9. ^ Dominic Goodall, The Parākhyatantra. A Scripture of the Śaiva Siddhānta, Pondicherry, French Institute of Pondicherry and Ecole française d'Extrême-Orient, 2004, pp.xxix-xxxiv.
  10. ^ Flood, Gavin. D. 1996. An Introduction to Hinduism. P. 170
  11. ^ Flood, Gavin. D. 1996. An Introduction to Hinduism. P. 169
  12. ^ See Alexis Sanderson, “The Date of Sadyojyotis and Brhaspati.” In Cracow Indological Studies 8 (2006), pp.39–91. (Actual publication date 2007.)
  13. ^ Alexis Sanderson, The Saiva Exegesis of Kashmir, pp.242-248 (in Tantric Studies in Memory of Hélène Brunner, edited by Dominic Goodall and André Padoux, Pondicherry, French Institute of Pondicherry and Ecole francaise d'Extreme-Orient, 2007.
  14. ^ Dominic Goodall, Problems of Name and Lineage: Relationships between South Indian Authors of the Shaiva Siddhanta, Journal of the Royal Asiatic Society, Series 3, 10.2 (2000).
  15. ^ Extant lists are presented by Dominic Goodall in Appendix III of Bhatta Ramakantha's Commentary on the Kiranatantra, Pondicherry, French Institute of Pondicherry and Ecole francaise d'Extreme-Orient, 1998, pp.402-417.
  16. ^ This is one of the few demonstrably pre-tenth-century scriptures of the Shaiva Siddhanta to have been completely translated into a European language: Michel Hulin, Mrgendragama. Sections de la doctrine et du yoga, Pondicherry, French Institute of Pondicherry, 1980, and Hélène Brunner-Lachaux, Mrgendragama. Section des rites et sections du comportement, Pondicherry, French Institute of Pondicherry, 1985.
  17. ^ This manual, called the Kriyakandakramavali or Somasambhupaddhati, has been edited, translated and richly annotated by Hélène Brunner and published in 4 volumes from the French Institute of Pondicherry in 1963, 1968, 1977 and 1998.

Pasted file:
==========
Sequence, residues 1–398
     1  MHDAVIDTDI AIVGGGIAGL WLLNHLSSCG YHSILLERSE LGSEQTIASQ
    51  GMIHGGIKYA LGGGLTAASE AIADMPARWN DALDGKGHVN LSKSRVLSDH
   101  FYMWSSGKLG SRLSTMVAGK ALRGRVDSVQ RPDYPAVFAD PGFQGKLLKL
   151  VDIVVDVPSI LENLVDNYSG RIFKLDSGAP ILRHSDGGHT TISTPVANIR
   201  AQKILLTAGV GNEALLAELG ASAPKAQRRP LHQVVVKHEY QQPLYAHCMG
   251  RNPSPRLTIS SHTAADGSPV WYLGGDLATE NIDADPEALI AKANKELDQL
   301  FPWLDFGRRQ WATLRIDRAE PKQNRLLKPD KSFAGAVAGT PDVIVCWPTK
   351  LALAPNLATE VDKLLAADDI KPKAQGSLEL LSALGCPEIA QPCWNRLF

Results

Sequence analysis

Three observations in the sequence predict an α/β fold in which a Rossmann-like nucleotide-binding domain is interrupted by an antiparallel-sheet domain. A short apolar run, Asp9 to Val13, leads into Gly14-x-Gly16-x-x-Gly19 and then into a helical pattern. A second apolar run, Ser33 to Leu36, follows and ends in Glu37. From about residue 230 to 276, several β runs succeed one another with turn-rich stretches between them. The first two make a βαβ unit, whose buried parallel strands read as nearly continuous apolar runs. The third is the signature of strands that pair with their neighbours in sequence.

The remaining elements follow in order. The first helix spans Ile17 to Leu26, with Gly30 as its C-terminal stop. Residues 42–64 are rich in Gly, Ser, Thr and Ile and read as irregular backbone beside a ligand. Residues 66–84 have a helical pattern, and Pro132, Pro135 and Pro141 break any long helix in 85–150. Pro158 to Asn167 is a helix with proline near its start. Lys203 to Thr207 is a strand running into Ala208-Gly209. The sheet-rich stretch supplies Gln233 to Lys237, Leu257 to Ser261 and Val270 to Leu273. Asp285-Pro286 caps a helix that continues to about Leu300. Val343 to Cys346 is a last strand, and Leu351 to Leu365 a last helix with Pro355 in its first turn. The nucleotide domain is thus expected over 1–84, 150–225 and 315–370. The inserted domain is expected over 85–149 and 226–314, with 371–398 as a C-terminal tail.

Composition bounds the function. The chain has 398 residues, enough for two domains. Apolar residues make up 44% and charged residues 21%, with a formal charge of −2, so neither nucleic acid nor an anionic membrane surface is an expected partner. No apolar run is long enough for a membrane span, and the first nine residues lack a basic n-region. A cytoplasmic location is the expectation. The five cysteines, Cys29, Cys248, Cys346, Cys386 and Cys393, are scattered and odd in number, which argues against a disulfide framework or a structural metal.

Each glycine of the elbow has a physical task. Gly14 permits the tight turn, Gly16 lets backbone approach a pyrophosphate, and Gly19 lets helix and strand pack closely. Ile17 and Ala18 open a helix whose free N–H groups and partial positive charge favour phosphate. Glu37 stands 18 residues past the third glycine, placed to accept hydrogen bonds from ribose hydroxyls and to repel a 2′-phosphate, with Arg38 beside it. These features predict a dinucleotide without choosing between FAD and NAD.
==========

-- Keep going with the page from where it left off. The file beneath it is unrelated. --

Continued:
• Flood, Gavin (2005). The Tantric Body: The Secret Tradition of Hindu Religion. I. B. Tauris. ISBN 1845110110.

External links

Guhyasamāja Tantra

The Guhyasamāja Tantra (Sanskrit: Guhyasamājatantra; Tibetan: Gsang ’dus rtsa rgyud (Toh 442); Tantra of the Secret Community) is one of the most important scriptures of Tantric Buddhism. In its fullest form, it consists of seventeen chapters, though a separate "explanatory tantra" (vyākhyātantra) known as the Later Tantra (Sanskrit: Guhyasamāja Uttaratantra; Tibetan: Rgyud phyi ma. (Toh 443)) is sometimes considered to be its eighteenth chapter. Many scholars believe that the original core of the work consisted of the first twelve chapters, with chapters thirteen to seventeen being added later as explanatory material.

In India, it was classified as a Yoga or Mahāyoga Tantra. In Tibet it is considered an Unexcelled Yoga Tantra (rnal ’byor bla med rgyud). It develops traditions found in earlier scriptures such as the Compendium of Reality (Sanskrit: Sarva-tathāgata-tattva-saṃgraha; De bzhin gshegs pa thams

cad kyi de kho na nyid bsdus pa (Toh 479)) but is focused to a greater extent on the antinomian aspects characteristic of the later Buddhist Tantras. Naropa and Aryadeva considered the Compendium of Reality to be a root tantra in relation to the Guhyasamaja Tantra. The Guhyasamaja Tantra survives in Sanskrit manuscripts and in Tibetan and Chinese translation.